Andrew Allen of the Buffalo Sabres
Andrew Allen, Goalie Coach for the Buffalo Sabres, didn’t grow up playing video games or aspiring to be a gamer or a YouTube personality. He grew up milking cows on a dairy farm in Vankleek Hill, Ontario, halfway between Ottawa and Montreal along the beautiful Quebec border.
“There was a low spot on the ﬁeld that froze into a pond every year, so between watching hockey on television and skating at home I became interested and involved in hockey,” says Allen. “I played junior hockey in my hometown and then I received an American scholarship to the University of Vermont,” explains Allen. “I signed with the Florida Panthers out of university.”
For six years Allen played professional hockey in the American Hockey League and East Coast Hockey League. “I had the best seat in the house,” says Allen. From an early age, Allen was involved in coaching. “When I was in high school, Jacques Martin ran hockey schools around my home town and each summer I would coach for him. That was my ﬁrst experience with coaching goalies,” says Allen, who believes he would have become a teacher if it had not been for hockey. “I built on the experience of that.” The role came naturally to Allen and he began coaching for the Ottawa University junior hockey team.
“When I stopped playing professional hockey and started coaching I got a chance to work in Japan as a goaltending coach for their National program,” explains Allen, who, at that time, was also working for the government. “Then, I had the opportunity to work for the Chicago Black Hawks,” explains Allen. “As developmental goaltending coach, I prepared all of the goalies outside of the NHL.”
Allen’s credentials speak for themselves as the list of goalies that he has instructed grows. Part of his job is to mentally prepare the players for what many call the toughest positon to play in hockey. “I have prepared many goalies to play at the NHL level. I coached Scott Darling, Antti Raanta who is with the Rangers now, and Carter Hutton who went from Chicago to Nashville when they were in the minors,” says Allen “I helped those guys realize their dream to be in the NHL and now I get to coach them in the top level of the world.” Robin Lehner, goalie for the Buffalo Sabres, was encouraged by his father to take up hockey and ultimately settle into the position of goalie. “My dad put me in goal to try. I really liked the pads and all the gear too,” explains Lehner, who was drafted by the Ottawa Senators in 2009 and traded to the Buffalo Sabres in June of 2015.
Recently Lehner has made changes in his regime to assist in his preparation for the 2016-2017 NHL season. “It is important for me to eat well. Because I felt good and was healthy heading into the offseason, I was able to work out hard and make some changes to my lifestyle to help feel better and lose some weight,” states Leher.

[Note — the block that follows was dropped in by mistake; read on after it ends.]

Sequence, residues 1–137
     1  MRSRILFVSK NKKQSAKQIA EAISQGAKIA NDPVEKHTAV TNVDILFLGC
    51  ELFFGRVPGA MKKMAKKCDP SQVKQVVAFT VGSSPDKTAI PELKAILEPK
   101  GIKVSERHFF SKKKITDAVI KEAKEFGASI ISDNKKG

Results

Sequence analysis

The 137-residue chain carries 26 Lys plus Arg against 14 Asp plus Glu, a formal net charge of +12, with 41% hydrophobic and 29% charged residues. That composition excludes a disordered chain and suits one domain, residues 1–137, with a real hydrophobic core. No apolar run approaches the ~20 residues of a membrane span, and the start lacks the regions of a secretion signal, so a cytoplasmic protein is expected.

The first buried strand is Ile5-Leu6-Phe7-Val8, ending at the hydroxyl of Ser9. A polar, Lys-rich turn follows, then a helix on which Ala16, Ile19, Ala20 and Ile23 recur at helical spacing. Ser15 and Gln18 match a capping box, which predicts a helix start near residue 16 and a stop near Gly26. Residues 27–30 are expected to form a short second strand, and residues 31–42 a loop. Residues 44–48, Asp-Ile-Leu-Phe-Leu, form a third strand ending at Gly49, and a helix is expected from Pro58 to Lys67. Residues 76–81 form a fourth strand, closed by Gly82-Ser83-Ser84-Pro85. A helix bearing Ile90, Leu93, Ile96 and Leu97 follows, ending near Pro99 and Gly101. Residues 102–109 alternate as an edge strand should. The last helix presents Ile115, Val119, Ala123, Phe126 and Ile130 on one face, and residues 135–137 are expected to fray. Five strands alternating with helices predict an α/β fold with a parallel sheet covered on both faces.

Between Lehner and Allen a positive coaching relationship exists and goals for the upcoming season are in full swing. “We are continuing to move less and move smarter during games and practice,” says Lehner. “Andrew is a good teacher and understands what I am trying to accomplish. He is good at preparation and listening to what I have to say around the game and team,” says Lehner. “It’s been really good working with him.”
As a former Ottawa Senator, Lehner is no stranger to rebuilding years. “I have experienced some of the same rebuilding years during my time in Ottawa, so I knew what to expect coming into Buffalo. It isn’t always an easy process, but you have to trust the right things will be done,” says Lehner.
Allen is working diligently to assist Lehner in reaching his goals. “We lost Robin opening night last year. Robin is healthy now and with Andres Nelson who also has a lot of promises, we are excited from a goaltending stand-point,” says Allen. “I just want to be the best player I can to help our team make the playoffs. I want to do everything to make that happen on and off the ice,” says Lehner.
With Allen on the bench, the future is bright between the pipes. “It is a great time to be part of the Buffalo Sabres and what we are now and what we are going to become,” states Allen. “We are a good young team with a good system in place that players know now. We are lucky to be part of the Pegula (owner of the Buffalo Sabres) family.” Allen is proud of his accomplishments and dedication to the sport.
“I have been lucky enough to reach it and work full-time in the NHL. Now the hard work comes of keeping it,” he concludes.
By Jill Tham